I view oil through a 25-year career of daily engagement in the futures markets. It’s not the standard Wall Street view.
I can’t describe how all that experience comes together but I CAN show you a few of the commodity factors that I look at that others don’t - making you more capable in understanding the energy sector, no matter what part of it you’re interested in.
One of the less discussed but critical factors impacting the trajectory of oil prices are oil financial factors.
Oil is priced physically at many points on the globe – and each price point is different, just like the same house would be priced differently depending on where you were. But oil is also tied FINANCIALLY to the benchmark prices funneled through the exchanges that handle forwards and futures, and those prices are what really set the physical prices around the globe.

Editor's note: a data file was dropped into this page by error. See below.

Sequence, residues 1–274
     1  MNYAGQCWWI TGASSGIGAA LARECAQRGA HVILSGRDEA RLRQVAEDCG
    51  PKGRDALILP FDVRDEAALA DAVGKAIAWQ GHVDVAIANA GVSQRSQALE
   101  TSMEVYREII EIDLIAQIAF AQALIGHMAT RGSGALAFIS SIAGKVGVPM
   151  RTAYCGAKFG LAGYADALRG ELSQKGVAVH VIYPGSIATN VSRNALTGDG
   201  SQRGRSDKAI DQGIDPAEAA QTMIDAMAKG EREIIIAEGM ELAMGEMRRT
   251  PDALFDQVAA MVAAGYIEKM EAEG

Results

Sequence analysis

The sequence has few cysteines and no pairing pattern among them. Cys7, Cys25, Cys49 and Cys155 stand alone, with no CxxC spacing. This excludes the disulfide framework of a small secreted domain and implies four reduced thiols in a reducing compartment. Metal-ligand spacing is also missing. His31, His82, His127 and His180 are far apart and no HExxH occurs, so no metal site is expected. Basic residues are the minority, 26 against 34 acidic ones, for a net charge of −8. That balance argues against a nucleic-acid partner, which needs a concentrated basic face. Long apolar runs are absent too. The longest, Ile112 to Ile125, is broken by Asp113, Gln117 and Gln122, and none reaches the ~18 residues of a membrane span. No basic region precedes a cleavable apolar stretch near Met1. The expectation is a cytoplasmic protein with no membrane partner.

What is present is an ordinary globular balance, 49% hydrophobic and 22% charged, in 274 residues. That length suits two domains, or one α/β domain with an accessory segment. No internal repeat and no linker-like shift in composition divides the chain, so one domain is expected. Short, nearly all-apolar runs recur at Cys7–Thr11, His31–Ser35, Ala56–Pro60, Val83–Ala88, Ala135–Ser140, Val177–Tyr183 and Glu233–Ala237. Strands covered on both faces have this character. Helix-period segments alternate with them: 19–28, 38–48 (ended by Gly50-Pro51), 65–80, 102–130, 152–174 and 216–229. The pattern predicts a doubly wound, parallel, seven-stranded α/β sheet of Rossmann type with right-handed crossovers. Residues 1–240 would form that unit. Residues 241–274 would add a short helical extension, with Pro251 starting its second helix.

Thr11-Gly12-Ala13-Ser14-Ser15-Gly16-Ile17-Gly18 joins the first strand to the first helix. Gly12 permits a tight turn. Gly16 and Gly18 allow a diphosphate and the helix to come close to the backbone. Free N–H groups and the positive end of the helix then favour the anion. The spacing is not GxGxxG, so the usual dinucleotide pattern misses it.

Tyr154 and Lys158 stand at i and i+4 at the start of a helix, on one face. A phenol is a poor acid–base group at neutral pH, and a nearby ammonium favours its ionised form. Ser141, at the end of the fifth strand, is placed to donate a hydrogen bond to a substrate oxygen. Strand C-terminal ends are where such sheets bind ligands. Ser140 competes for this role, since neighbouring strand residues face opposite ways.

Take our current circumstance: Global oil production is up about 800mm barrels a day in 2012 and demand is up perhaps 200-250mm barrels less than that. That would imply an increasing surplus and why you’ve seen many oil analysts predict lower prices this year –BofA even suggested $50 a barrel as possible for 2013.
Here’s why I think it won’t happen.
Two things are feeding into the financial price point for Brent oil traded at the Intercontinental exchange (ICE) that make a deeply dropping price unlikely…